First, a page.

Augusta Powder Works
Augusta Powder Works (1861-1865) - A Confederate U.S. Civil War Powder Works established in 1861 in Augusta, Richmond County, Georgia. Abandoned in 1865 at the end of the war.
Established in 1861 with construction starting on 13 Sep 1861. Powder production began on 10 Apr 1862 and continued until 29 Apr 1865.
In 1861, Confederate President Jefferson Davis selected Lt Colonel George Washington Rains, (Cullum 1113), to construct and operate a gunpowder factory at Augusta. Colonel Rains was a decorated military officer, a West Point Graduate of the class of 1842 who fought in Mexican War and resigned his commission in 1856 to operate his Washington Iron Works in Newburg, New York.
At the outset of the U.S. Civil War Rains elected to join the Confederacy, was promoted to Lt. Colonel and asked by Jefferson Davis to establish the Powder Works at Augusta. He was promoted to full colonel on 12 Jul 1863.
Rains selected the site of the original Augusta Arsenal between the Savannah River and the Augusta Canal because it offered easy transportation, water power and relative security from attack. The 26 building powder production complex stretched for two miles along the Augusta Canal with the raw materials coming in one end and the finished powder exiting the other. The central buildings were the saltpeter refinery building and laboratory buildings which included a 153-foot tall smokestack and unfinished clock tower.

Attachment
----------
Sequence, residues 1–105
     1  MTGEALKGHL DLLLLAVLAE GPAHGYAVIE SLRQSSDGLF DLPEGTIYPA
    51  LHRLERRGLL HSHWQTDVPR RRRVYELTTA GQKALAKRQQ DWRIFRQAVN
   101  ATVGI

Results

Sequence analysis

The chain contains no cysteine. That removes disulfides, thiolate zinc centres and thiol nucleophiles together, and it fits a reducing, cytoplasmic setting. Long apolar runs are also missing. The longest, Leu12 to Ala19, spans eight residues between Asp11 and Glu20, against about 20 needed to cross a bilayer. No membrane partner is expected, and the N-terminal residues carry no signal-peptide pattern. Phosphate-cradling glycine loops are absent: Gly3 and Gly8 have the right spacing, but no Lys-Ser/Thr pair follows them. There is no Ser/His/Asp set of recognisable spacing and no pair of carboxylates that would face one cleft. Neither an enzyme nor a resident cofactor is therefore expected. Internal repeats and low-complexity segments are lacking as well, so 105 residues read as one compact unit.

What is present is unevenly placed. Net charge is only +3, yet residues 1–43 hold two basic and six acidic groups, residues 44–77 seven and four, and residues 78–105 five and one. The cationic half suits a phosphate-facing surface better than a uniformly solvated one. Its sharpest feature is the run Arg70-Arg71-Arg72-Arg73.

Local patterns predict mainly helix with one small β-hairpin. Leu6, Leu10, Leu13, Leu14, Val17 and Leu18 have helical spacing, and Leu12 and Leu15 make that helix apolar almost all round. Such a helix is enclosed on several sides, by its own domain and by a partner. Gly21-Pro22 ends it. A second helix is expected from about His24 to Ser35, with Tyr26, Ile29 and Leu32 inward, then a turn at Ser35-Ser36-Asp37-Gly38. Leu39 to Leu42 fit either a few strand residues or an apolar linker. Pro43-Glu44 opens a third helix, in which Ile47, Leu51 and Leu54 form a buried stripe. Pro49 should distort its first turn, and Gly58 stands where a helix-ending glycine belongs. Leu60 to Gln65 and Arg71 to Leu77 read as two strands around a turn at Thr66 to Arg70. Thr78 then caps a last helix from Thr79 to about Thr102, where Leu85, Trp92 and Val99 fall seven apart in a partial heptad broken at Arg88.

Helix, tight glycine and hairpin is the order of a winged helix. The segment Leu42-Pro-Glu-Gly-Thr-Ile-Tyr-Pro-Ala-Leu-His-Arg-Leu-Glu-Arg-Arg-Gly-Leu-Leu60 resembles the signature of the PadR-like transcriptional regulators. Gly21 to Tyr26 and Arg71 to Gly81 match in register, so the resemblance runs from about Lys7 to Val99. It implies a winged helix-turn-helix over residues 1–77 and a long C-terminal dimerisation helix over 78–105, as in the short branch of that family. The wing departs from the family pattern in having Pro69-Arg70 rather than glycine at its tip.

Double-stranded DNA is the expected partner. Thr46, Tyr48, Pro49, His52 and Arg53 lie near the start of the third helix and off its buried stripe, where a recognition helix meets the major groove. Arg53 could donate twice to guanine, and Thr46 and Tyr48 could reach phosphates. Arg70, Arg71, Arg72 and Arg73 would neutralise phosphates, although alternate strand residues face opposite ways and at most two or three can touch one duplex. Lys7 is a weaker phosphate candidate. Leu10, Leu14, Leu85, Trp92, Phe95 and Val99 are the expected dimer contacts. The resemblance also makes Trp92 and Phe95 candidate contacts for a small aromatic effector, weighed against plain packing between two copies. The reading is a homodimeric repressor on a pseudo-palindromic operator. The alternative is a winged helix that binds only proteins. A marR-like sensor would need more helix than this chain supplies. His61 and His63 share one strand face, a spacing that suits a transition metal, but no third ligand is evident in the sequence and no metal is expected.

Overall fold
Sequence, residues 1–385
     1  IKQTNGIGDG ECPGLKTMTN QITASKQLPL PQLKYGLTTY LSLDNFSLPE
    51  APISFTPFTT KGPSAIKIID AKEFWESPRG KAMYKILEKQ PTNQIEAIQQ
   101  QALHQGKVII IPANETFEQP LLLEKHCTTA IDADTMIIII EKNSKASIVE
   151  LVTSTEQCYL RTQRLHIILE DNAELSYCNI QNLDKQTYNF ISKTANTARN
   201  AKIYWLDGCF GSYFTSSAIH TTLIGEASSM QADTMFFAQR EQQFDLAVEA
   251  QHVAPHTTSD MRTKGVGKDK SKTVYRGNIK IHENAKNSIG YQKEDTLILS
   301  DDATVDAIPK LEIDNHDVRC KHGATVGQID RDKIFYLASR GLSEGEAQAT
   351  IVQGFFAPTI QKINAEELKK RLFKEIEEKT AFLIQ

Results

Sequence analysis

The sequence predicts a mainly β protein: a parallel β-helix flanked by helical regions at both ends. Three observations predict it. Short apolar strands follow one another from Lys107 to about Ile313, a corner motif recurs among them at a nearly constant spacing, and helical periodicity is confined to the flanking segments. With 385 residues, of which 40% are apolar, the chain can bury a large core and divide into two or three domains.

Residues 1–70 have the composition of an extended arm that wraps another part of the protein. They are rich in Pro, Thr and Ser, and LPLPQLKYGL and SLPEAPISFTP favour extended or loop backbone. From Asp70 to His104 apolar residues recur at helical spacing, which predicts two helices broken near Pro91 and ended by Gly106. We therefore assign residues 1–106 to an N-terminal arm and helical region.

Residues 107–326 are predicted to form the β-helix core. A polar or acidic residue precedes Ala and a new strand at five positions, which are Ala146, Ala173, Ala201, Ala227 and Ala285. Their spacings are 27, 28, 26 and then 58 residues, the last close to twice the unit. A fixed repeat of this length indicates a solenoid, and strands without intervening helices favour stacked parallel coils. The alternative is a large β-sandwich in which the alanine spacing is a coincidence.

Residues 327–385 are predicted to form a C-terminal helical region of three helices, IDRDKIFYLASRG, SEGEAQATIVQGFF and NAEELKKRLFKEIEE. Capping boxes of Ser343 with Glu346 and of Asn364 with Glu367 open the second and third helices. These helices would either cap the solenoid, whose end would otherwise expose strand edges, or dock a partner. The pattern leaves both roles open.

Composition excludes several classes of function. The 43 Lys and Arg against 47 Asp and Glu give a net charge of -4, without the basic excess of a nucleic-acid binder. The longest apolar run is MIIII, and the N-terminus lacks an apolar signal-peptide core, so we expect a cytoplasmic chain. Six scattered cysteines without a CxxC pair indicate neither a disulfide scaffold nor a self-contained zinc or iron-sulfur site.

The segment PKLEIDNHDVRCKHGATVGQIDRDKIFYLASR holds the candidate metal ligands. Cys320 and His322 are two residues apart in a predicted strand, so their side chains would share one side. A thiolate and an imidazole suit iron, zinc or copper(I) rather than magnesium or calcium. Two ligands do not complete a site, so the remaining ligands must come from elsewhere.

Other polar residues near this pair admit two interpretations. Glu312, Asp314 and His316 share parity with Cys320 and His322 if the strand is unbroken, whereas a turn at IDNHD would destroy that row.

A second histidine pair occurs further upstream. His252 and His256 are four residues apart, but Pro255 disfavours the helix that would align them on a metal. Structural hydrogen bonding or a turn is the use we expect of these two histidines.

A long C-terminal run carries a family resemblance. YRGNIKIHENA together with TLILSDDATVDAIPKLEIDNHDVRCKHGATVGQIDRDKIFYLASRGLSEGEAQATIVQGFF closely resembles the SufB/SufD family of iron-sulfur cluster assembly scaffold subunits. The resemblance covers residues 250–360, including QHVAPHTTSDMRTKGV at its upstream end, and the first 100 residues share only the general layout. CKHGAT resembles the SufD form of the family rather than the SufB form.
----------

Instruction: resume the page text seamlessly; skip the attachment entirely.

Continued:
During the operating years, the powder works produced some 2.75 million pounds of the best quality gunpowder. Production continued almost unabated, even though the works suffered four explosions, until the very end of the war.
Abandoned at the end of the war on 29 Apr 1865. Partially destroyed and then mostly razed by post-war canal expansion in the 1870s. Rains asked that the chimney be spared as a memorial to those that died during the war.
The only remaining remnant of the original works is said to be an Obelisk-Chimney that has been constructed near the center of the works. It is unclear if this is an actual remanent or a complete reconstruction. There is now a large abandoned factory building behind the Obelisk-Chimney that resembles the style of the original buildings but it is not of that era. There is a roadside marker and an interpretive panel at the Obelisk-Chimney. The Obelisk-Chimney also has stone panel inserts on the sides.
Visited: 8 Feb 2018